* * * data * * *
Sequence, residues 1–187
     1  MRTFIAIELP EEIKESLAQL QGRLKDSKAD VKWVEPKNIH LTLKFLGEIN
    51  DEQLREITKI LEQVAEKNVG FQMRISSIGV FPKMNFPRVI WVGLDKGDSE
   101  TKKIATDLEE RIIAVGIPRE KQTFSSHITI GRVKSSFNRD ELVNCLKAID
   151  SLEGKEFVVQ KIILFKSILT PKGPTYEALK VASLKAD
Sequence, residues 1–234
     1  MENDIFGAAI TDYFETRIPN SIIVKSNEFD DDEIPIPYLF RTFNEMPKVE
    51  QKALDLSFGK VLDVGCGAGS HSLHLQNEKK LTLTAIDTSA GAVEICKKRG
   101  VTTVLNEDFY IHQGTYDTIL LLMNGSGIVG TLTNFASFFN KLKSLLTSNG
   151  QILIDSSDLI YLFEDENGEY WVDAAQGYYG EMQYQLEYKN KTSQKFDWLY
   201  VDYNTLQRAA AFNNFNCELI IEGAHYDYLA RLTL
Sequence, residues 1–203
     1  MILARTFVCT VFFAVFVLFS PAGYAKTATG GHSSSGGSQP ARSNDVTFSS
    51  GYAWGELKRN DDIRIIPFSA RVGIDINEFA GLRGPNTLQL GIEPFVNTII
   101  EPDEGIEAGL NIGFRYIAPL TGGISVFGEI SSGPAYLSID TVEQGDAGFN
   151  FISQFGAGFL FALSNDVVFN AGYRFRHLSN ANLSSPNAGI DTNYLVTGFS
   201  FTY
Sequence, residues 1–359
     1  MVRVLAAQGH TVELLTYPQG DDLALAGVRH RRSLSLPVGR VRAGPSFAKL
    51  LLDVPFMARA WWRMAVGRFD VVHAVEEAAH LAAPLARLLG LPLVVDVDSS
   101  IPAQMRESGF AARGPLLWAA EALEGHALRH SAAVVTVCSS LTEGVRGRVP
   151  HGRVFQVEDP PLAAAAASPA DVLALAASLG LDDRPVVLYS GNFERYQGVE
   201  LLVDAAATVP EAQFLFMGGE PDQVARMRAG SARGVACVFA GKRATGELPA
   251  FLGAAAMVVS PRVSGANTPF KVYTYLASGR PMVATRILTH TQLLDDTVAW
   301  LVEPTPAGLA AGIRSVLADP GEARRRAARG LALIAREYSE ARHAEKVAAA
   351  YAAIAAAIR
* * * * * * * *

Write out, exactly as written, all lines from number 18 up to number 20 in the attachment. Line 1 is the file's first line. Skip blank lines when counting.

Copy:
Sequence, residues 1–359
     1  MVRVLAAQGH TVELLTYPQG DDLALAGVRH RRSLSLPVGR VRAGPSFAKL
    51  LLDVPFMARA WWRMAVGRFD VVHAVEEAAH LAAPLARLLG LPLVVDVDSS